By Simon Basketter
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Lord Ashcroft’s millions are the tip of the iceberg

This article is over 11 years, 10 months old
Lord Ashcroft, who effectively owns the Tory party, hit the headlines as he admitted that he didn’t live here in order to avoid paying tax.
Issue 2192
 (Pic:» Leon Kuhn )
(Pic: » Leon Kuhn)

Lord Ashcroft, who effectively owns the Tory party, hit the headlines as he admitted that he didn’t live here in order to avoid paying tax.

By becoming “non-domiciled” for tax after accepting a peerage, Ashcroft saved an estimated £100 million. Ashcroft is described as a “Belize-based businessman”—but he doesn’t pay any tax there either.

There are about 120,000 non-doms registered in the UK. All they had to prove to maintain their non-dom non-resident status was show they had spent fewer than 90 days in the UK in any one year.

From 2008, non-doms living in the UK do have to pay tax on overseas income if they’ve lived here for seven out of ten years. But they buy their way out if they pay a £30,000 fee.


TUC figures show wealthy individuals and big business avoided £25 billion in tax in 2008. Some £3.8 billion of that tax is from non-doms.

And even the ones who do admit living here don’t pay much tax—a third of Britain’s top 700 companies haven’t paid any tax at all.

No one is sure how much money is deposited in tax avoiding bank accounts around the world, but the International Monetary Fund reckons it is over £4.6 trillion.

And it’s not just individual bosses. All the major high street banks have branches in offshore tax havens—including the likes of RBS and Lloyds that we have spent billions bailing out.

At the same time accountants like KPMG advise the bosses on cutting jobs—and aid them in hiding their profits. So you can own steel plants, gold mines, oil wells and not pay any tax at all.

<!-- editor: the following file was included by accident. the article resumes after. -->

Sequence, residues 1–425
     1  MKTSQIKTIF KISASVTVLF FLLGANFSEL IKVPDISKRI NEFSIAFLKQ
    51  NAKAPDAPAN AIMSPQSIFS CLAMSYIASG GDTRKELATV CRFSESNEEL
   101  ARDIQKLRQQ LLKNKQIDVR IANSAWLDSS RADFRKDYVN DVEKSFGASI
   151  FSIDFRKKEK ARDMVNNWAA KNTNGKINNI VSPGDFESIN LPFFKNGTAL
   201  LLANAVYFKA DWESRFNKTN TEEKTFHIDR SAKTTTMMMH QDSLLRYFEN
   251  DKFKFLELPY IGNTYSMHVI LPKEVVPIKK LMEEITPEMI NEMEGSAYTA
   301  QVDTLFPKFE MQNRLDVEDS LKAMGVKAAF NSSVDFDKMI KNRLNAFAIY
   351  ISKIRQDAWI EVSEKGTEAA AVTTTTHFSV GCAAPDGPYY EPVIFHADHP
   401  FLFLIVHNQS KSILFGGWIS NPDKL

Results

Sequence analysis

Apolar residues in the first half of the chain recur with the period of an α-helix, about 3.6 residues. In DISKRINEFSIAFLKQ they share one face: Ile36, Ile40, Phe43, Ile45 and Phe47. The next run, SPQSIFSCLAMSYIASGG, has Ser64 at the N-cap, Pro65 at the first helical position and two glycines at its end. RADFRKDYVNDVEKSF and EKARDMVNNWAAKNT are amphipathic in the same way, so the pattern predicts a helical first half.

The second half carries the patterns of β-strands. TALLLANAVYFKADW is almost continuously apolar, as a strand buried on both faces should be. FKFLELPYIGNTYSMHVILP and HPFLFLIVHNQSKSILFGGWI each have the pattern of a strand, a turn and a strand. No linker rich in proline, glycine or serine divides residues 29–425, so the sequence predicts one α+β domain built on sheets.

You can even lodge the money in a bank office in London we paid to bail out, and then say it is an offshore account and never pay a penny in tax.

But only if you’re rich.

Non-dom donations

Of the £188 million raised by political parties between 2001 and 2008, some £17.5 million came from those who had declared themselves to be “non-domicile”.

All three main parties have benefited. Labour took £8.9 million from the likes of food tycoon Sir Gulam Noon, Lakshmi Mittal and Sir Ronald Cohen, the godfather of private equity.

The Tories got £5.6 million from, among others, disgraced newspaper baron Conrad Black, Tetra Pak tycoon Hans Rausing—and Lord Ashcroft.

Even the Liberal Democrats have their donors Bhanu and Dhruv Choudhrie.

So it’s no surprise that when a law limiting non-dom party donations to £7,500 per year went through, the government delayed it until after the next general election.

Labour’s non-dom donor

Labour’s non-dom donor Lord Paul has a stash of £500 million—but pays no tax. He gave more than £400,000 to Labour in 2007 alone.

Paul made his millions through multinational steel conglomerate Caparo.

Back in 1989 Caparo steel took control of Armstrong Engineering.

The company’s pension fund was just over 30 percent in surplus.

Under Lord Paul’s control Caparo then spent the better part of a decade refusing to top up the fund.

By 2000 the pension trustees and accountants recommended the company put £2 million a year into the pension pot to plug the gap.

Caparo never made a single payment. In 2002 it froze its final salary pension scheme.


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